Call a Random Swede? The Hasbara Campaign Israelis Need

When I first heard of the phone number that connects random foreigners with random Swedes, I thought it was a useless gimmick. But then I realized it was a great tool for connecting people in dialogue and breaking down stereotypes.

Patrons at a café in Tel Aviv on a Sunday afternoon, August March 8, 2015.
David Bachar

When I first heard about the “Call a Swede” program, I was flabbergasted. The Swedish Tourist Association has set up a phone number that people from all over the world can call, and reach a random Swedish person. To me, it just seemed bizarre. Why would the Swedish Tourist Association – one of the largest volunteer organizations in Sweden – want to connect its citizens with random foreigners? And why would Swedes want to participate in such a gimmick, receiving phone calls from people they don't know, who’d likely just have ridiculous, stereotypical questions about things like Ikea?
    
But the more I thought about it, the more it made sense. Simply by speaking to a random Swede, foreigners would begin to break down whatever stereotypes they might have had. Not all Swedish people like meatballs? They’re not all blonde? When met with real-life examples that debunk the stereotypes, the stereotypes themselves would begin to fade away.

I’ve experienced this first hand – studying in Amman, Jordan, where I had actual, normal conversations with Palestinians rather than exchanging heated epithets during debates at University in the U.S.; when I went to New Delhi and stayed with my Indian friend who illuminated just how different the regions of India were; and when the rural Georgian who I met at a summer camp in Valdosta, GA, confessed to me that he had previously held some pretty anti-Semitic beliefs, like Jewish people being a different race than white people, before he met me.

So I've started thinking: Why don’t we have a “Call an Israeli” program?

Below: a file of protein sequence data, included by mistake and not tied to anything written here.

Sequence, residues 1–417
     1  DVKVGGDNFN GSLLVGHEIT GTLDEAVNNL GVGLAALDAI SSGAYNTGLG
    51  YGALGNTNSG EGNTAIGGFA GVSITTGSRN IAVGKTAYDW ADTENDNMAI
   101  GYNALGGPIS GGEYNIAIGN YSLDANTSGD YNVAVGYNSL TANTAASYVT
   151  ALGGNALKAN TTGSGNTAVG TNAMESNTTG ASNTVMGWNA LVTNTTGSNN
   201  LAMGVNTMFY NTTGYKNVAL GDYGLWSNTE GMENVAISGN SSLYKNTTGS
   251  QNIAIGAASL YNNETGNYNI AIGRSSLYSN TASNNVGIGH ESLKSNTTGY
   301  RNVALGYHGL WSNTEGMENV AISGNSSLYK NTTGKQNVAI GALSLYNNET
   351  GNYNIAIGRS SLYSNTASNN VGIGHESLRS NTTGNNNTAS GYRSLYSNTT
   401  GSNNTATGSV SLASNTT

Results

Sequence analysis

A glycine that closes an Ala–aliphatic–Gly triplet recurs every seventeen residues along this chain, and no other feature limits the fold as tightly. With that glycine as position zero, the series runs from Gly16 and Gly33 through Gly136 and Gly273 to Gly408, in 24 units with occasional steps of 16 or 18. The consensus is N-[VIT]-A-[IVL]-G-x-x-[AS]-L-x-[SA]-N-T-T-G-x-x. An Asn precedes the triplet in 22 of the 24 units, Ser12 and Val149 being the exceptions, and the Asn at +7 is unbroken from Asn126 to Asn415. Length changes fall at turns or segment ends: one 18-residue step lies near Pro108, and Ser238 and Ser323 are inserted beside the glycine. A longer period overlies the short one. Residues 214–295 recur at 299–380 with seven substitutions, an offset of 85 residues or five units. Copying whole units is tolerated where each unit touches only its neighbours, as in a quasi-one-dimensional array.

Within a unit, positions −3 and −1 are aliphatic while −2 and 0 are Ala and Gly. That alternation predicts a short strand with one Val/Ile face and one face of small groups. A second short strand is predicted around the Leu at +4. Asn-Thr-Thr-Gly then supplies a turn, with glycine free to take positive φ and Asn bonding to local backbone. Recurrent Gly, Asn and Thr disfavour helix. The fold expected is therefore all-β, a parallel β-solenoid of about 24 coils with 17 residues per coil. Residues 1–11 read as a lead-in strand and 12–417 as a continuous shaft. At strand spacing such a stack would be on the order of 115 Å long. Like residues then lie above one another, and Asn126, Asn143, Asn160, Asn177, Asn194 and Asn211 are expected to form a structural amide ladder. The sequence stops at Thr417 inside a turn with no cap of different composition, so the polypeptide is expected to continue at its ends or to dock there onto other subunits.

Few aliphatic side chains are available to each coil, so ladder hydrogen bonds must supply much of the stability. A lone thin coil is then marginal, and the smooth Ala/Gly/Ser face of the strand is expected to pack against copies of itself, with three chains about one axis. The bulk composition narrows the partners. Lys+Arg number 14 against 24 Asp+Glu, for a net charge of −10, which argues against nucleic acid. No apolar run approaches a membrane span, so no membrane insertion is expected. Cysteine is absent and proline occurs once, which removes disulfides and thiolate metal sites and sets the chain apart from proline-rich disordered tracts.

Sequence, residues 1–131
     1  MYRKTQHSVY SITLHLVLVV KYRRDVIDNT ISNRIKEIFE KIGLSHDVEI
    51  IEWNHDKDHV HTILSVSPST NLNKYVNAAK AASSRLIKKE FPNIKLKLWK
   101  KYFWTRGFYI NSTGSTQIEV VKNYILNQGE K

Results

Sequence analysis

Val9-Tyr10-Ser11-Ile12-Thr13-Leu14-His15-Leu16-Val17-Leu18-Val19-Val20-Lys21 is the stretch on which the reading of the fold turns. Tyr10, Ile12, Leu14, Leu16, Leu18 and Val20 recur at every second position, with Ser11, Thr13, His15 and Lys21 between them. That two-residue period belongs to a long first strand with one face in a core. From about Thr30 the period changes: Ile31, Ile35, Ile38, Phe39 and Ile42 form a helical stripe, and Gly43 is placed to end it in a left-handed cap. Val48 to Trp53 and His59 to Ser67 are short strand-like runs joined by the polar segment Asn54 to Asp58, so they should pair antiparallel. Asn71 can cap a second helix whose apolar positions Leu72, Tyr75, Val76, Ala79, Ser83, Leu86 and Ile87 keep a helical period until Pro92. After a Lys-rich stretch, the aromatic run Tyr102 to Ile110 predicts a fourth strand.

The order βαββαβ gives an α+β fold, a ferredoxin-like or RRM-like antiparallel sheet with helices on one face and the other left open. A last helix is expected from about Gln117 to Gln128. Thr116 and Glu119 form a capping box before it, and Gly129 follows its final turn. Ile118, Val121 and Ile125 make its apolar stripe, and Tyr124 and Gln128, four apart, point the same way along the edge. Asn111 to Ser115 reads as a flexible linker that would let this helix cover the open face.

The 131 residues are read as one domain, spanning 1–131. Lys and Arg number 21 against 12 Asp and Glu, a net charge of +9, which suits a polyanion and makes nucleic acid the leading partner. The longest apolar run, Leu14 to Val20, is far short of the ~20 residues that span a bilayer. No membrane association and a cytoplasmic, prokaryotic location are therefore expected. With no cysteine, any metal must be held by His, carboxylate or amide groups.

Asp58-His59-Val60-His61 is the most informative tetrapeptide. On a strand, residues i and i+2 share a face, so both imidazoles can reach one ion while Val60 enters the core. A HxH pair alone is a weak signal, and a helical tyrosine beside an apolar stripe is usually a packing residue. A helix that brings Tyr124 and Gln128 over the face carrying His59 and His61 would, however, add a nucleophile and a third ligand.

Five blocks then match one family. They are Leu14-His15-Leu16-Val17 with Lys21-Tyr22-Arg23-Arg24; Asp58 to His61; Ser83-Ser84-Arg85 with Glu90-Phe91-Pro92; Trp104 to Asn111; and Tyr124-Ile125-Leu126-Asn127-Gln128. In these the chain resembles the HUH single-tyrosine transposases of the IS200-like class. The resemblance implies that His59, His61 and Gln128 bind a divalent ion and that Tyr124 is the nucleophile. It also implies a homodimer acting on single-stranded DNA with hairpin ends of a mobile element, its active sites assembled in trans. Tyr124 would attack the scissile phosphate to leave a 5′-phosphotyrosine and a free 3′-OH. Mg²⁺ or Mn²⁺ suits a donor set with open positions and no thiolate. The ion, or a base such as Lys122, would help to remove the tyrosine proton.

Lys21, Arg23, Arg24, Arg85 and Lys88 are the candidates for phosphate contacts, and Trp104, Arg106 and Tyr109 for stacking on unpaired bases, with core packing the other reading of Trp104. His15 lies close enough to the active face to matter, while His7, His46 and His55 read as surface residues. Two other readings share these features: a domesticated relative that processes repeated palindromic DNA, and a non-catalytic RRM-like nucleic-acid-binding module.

If there’s a country that suffers from stereotypes, it’s Israel. From those who believe Israel is a barren, desert land where people ride camels to work, to those who believe it’s a country of racist, religious fanatics, I’ve met so many people who didn’t understand the diversity of the people living in the country. Wouldn’t it be fantastic for someone with outdated stereotypes to chat with the Tel Aviv city slicker, living in a high-rise apartment and working at a startup tech firm? Or to chat with a Christian Israeli Arab political activist, fighting for Arab women’s rights? Or the religious American oleh living in the settlements who believes in coexistence? For Israelis, these characters make up their everyday lives. But what the world sees aren’t the everyday individuals, but the exceptions – the racists, the extremists and the violent.    

Israelis are constantly fighting the battle for hasbara, posting on Facebook about Israel’s morality or its victimization in the world’s eyes. But perhaps we all need to recognize that it’s not the country that needs a PR campaign; it’s the people. And the perception of who Israelis are needs to reflect the same complexity of their everyday lives. 

I know what you’re thinking. “But we’ll get weirdos!” True. There will be some bizarre people on the other end of the line – but you can always hang up. And it’s that non-weirdo, that person who believes that all Israelis dress like shepherds and ride camels to work, that might dial in and speak to someone who will change his or her worldview. Or, it could be a Palestinian who dials an Israeli and gets to shatter some of his or her own stereotypes, and vice versa. I’ll bet that more often than not, it’ll create dialogue where there never has been dialogue before.

Yael Miller lives in Washington, DC with her husband and son. You can follow her on Twitter: @yaelinthecity.